Esteban (3) (cont’d)
When had he ever felt like this before?
was no home for him, not really . . .
Yesterday evening the village elders
had cut him off, politely–
they were always polite–when he tried
to present his credentials
by giving a full account of the Journey
From the East. It’s too late
for stories, they said.
The sun’s already past the midway
point on its northward run,
& all the banded tribes that creep
on their bellies–they’re awake,
they hear everything.
a snake can hear through its scales,
belly to belly with the earth–
where all words sink that don’t
follow paths of cornmeal
or tobacco smoke.
And like any shaman, the snake’s rattle
can bring a rain of sickness
if you cross him.
The blow tubes in his teeth
can bury festering darts, invisible
bullets, in the body of one
who gives offense, in the dirt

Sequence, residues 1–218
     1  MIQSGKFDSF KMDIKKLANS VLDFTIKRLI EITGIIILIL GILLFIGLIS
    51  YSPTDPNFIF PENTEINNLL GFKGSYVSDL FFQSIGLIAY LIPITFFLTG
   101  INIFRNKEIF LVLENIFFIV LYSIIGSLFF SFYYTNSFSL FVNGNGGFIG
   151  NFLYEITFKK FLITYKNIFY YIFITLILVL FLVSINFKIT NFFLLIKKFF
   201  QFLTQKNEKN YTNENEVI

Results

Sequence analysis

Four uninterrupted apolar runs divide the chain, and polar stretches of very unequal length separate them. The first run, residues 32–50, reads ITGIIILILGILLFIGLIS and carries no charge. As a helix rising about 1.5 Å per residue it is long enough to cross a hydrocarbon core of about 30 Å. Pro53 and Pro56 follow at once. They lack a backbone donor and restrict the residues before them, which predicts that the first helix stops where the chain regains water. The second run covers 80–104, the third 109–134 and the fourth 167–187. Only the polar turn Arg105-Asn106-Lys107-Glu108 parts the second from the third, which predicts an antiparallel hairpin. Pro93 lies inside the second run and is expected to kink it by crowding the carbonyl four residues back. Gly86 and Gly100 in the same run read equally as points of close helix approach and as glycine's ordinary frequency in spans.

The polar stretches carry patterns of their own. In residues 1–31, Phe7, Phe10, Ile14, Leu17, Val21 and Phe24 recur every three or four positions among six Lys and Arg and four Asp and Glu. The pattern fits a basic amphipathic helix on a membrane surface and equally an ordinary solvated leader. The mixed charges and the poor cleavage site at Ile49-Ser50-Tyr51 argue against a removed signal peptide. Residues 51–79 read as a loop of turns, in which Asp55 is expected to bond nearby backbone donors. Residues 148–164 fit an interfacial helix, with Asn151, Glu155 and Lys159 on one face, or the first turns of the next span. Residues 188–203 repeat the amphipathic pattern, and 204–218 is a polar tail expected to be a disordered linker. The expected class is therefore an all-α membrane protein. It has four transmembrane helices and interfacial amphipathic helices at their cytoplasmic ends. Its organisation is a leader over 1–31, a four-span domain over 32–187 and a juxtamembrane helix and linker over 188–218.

outside his house or in his fields.
In the Land of Summer, it is said,
the serpent thinks all beings
belong to him.
And Esteban, recalling his mother’s
stories during harmattan
about the great snake that made
& unmade Wagadu–
Four names to the city four times born
on the shores of the great Sand Sea—
finds it hard to listen to the calabash rattle
without his own head
starting to spin
along with the patients’. And feeling
as if their symptoms somehow
have something to do with him.
Whatever the complaint–
a shooting pain in the side, a tightness
in the chest, a throbbing under
the scalp, stabbings in the joints
of the hands, the wrists, the feet–
in the few moments it takes them
to tell it, it registers
in his own body.
It’s too late for stories: In much of native North America, casual storytelling – outside of a ritual context – is reserved for the winter months. The belief that snakes will punish those who tell stories is similarly widespread, and may be related to the cult of the plumed serpent.
Wagadu: Legendary capital of the medieval kingdom of Ghana. According to West African oral tradition, a large serpent once destroyed the city when regular human sacrifices were halted.